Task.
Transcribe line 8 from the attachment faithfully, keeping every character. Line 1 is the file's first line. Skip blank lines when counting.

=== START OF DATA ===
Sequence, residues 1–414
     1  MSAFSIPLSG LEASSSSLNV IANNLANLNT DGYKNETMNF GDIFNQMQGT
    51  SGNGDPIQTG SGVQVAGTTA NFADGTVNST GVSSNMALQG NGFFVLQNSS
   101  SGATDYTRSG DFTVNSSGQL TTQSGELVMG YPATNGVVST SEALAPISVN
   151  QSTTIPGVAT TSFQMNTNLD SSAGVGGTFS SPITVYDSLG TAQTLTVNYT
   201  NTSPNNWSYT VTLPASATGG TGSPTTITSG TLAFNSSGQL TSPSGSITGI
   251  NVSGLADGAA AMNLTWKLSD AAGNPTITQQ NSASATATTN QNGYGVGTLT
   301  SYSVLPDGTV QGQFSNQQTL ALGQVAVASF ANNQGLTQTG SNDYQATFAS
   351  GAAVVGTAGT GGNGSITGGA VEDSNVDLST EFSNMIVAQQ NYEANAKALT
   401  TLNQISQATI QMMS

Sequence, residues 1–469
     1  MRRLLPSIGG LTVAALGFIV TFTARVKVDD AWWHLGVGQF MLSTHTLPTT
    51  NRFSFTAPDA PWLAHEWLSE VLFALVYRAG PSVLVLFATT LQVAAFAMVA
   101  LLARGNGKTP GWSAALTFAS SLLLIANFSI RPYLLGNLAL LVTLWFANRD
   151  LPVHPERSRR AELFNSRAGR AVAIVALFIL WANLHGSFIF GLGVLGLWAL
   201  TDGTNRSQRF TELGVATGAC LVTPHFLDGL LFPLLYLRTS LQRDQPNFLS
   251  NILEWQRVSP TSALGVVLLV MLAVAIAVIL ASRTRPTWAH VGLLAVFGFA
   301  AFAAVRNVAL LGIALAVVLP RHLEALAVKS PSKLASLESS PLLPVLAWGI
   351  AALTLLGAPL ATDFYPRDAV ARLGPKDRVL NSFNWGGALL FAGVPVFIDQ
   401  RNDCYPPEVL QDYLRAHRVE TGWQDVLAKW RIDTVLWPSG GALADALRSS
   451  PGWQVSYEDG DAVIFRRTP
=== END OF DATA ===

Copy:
   301  SYSVLPDGTV QGQFSNQQTL ALGQVAVASF ANNQGLTQTG SNDYQATFAS